Ground Covers for Midwest Food Forests

Using Ground Covers to Repair Nitrogen, Pollinate, and Create Beauty

Things to Consider

  1. Succession of plants and species –  When you first plant your food forest, you’ll likely have much more sun available because the trees are thinner and there is less canopy creating shade.  This gives you the opportunity to plant more sun loving, nitrogen fixing plants, which will help get your food forest off to a great start. For more articles about starting a Midwest Food Forest, click here.
  2. Annual vs perennial benefits – Obviously having a plant come back year-after-year is less work on our end, but at the same time, we shouldn’t overlook the benefit of annual crops to help meet specific functions.  Sometimes those functions need to serve a short-term purpose, which is where annuals play a really important roll.  For example, does the soil need tilling or aeration?  Consider annual root crops like turnips, dandelion, or daikon radishes.  Does the soil need biomass?  Consider buckwheat or something in the vetch family.  Does the area need fast pollination?  Consider creeping thyme or a crimson clover.
  3. How the area will fill out over time – Some species may work really well for a few years, but as the over story canopy grows, production increases, or as new plants are introduced small adjustments are often needed to the original species.  As the canopy of top story trees thickens, the succession of species around it will need to evolve with it.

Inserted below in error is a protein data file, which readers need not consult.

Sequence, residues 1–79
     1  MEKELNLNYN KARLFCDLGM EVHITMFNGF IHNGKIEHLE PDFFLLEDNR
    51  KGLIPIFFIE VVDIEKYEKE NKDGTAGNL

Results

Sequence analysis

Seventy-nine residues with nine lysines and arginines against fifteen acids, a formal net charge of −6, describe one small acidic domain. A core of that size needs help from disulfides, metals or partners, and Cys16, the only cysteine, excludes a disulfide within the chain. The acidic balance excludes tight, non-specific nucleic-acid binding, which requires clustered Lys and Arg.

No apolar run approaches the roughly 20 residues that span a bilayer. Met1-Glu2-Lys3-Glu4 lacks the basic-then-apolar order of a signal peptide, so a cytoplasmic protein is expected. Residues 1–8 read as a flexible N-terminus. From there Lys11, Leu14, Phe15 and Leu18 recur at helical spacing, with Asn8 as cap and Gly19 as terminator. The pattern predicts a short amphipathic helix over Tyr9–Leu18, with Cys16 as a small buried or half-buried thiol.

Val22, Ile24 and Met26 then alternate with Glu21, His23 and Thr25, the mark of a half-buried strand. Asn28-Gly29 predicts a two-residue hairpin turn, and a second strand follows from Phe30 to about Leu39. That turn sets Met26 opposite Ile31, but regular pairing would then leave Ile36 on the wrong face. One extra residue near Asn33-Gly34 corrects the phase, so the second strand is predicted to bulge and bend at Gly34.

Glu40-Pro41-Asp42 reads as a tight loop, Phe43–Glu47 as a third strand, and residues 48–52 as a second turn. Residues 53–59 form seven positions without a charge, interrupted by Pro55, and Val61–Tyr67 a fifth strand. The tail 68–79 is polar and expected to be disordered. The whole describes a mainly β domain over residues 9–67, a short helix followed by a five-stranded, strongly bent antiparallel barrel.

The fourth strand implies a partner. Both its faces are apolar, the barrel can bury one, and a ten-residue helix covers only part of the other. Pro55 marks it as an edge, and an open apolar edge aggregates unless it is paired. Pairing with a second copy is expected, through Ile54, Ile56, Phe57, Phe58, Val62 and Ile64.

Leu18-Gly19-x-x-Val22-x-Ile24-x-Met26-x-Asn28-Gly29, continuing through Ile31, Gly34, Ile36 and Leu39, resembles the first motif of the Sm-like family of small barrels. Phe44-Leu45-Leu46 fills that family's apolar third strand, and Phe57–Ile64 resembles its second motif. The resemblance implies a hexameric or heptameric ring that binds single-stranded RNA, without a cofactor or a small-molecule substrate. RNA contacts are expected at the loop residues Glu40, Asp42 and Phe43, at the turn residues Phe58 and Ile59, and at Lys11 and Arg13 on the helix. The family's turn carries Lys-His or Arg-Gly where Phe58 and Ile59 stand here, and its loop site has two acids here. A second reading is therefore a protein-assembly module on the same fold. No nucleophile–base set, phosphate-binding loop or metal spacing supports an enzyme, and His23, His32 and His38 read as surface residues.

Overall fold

4. Where ground covers are located within the forest – Some ground covers can get tall and lush, but also serve as a chop and drop mulch.  Comfrey (the bocking 14 variety) is great for this, because it creates substantial biomass, but will still still stay localized.  It works great at the base of young fruit trees and provides needed pollination.  There is some debate as to what it provides for the soil, but at the very least it is proven to increases minerals in the top soil region and provide shade for the tree roots that it’s planted by.  At the same time, other ground covers need more sun, so will do better away from the base of the trees.  For example, planting clover varieties in the alleys between orchard rows will help keep grass at bay, prevent the need for frequent mowing, and provide pollination sources. For more on selecting a location in your food forest or permaculture orchard, click here.